‘The Lizzard’ NZ’s Josh Coppins re-cap of MX career posted 2013

Courtesy of Sharon Cox / MX Link

NZ’s iconic Motocross legend Josh Coppins, known as ‘The Lizzard’ has stamped his mark on post International Motocross career as Team Manger/Owner of Altherm JCR Yamaha. Overseeing the Team’s operations competing in NZ’s annual Motocross National Championship Series along with managing Women Motocross World Championship rider Courtney Duncan, Coppins has but paid to ‘seeing what the future brings post International MX career’.

Altherm JCR Yamaha

Altherm JCR Yamaha

Putting Josh’s career in perspective, this article I wrote in 2013 highlights the challenges Josh faced racing in Europe’s World Motocross Championships for 15 years, the highs and lows which have formed the character to achieve successful transition to Team Owner of Altherm JCR Yamaha in NZ.

Article printed in NZ’s DRD magazine 2013:

‘To dream racing the Grand Prix circuit in Europe is something, sustaining it for 15 years is something else. That is what makes Josh Coppin’s Motocross career so remarkable. With around 150 Grand Prix races, 31 Podiums and ‘Former double World Championship runner-up’ the ‘Lizzard’ has sealed his place in New Zealand’s motocross history.

Josh Coppins Courtesy Yamaha Racing

Josh Coppins Courtesy Yamaha Racing

Living the dream at 17 years to race in Europe meant tough years, financially, mentally and physically. From always needing ‘new clutch, new clutch, new clutch…’ to financing lease of factory bikes, to learning a little at a time- physically and mentally, to chipping away at end of season rankings tested JC. Results of 41st in 1995, 23rd in 1996, 17th in 1997, 13th in 1998 and 4th in 1999-2001 showed challenges had been met.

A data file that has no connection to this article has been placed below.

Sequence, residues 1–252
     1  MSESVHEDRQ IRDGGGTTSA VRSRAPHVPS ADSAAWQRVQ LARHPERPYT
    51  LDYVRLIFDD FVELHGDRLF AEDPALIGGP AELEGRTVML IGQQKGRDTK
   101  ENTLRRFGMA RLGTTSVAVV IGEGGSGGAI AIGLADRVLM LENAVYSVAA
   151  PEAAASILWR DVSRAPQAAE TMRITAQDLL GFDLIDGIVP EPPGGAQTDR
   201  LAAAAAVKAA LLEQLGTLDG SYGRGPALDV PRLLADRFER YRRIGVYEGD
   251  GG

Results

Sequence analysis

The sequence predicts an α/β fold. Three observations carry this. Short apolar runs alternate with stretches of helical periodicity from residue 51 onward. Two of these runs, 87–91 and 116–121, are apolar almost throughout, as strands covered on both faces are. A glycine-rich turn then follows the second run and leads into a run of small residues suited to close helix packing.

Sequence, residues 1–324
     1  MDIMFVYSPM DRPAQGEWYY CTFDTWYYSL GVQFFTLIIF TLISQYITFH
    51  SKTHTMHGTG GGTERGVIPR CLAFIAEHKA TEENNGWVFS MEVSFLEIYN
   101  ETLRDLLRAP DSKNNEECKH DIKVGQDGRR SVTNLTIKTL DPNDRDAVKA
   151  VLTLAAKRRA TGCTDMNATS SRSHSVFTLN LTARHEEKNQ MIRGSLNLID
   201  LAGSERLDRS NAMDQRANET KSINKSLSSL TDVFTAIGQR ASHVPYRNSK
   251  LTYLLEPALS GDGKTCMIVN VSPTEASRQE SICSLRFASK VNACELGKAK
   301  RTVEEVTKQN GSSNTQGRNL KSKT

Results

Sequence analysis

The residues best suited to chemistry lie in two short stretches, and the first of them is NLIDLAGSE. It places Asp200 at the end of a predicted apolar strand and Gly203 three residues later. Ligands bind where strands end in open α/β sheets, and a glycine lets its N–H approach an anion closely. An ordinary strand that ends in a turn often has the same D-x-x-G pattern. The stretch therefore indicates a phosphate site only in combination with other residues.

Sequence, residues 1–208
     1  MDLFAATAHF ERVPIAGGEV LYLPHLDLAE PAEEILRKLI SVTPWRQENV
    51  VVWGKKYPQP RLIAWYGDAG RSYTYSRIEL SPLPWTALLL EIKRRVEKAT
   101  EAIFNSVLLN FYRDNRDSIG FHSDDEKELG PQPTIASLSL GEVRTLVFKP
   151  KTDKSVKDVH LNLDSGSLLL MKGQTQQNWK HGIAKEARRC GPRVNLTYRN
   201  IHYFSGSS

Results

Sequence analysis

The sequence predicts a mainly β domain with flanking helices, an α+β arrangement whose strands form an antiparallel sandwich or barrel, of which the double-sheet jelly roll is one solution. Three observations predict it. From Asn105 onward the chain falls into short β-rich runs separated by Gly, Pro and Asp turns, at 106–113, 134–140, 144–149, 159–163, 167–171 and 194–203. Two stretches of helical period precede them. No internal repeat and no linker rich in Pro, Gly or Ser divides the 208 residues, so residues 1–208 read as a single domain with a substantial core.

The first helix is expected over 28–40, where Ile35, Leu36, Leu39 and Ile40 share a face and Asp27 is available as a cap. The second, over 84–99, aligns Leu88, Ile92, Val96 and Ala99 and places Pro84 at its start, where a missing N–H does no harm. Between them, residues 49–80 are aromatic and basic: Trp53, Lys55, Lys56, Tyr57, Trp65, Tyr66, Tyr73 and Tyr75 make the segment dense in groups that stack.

2002 broke new ground with the move to Honda after 21 year partnership with Suzuki. The next 5 years made Josh the legend he is- testing his ‘never-say-die attitude that won him many friends and admirers’ over the years. Not least was Josh’s come back from a massive crash at SX practice in Phoenix, from which he overcame all odds and finished # 3 on his plate the following season.

2003 through to 2007 were pinnacle years for the ‘Lizzard’s career. 2nd MX2, 3rd MX1 2004, 2nd MX1 2005, 7th MX1 2006 and 2007 5x GP victories 9 GP Podiums, 107 point lead only to watch his lead slip away due to injury completing the season 3rd MX1. 2008 Josh held 5th MX1 and 2009 6th MX1 rounding out an astounding 15 years at the top end of Grand Prix racing in Europe.

I asked Josh for snapshots of the 15 years, fulfilling a dream, the experiences, challenges and rewards. This is his take on what it all meant…

SC: 1995, you were 17 years of age in Europe, fulfilling a dream to race the Grand Prix circuit, what was it like?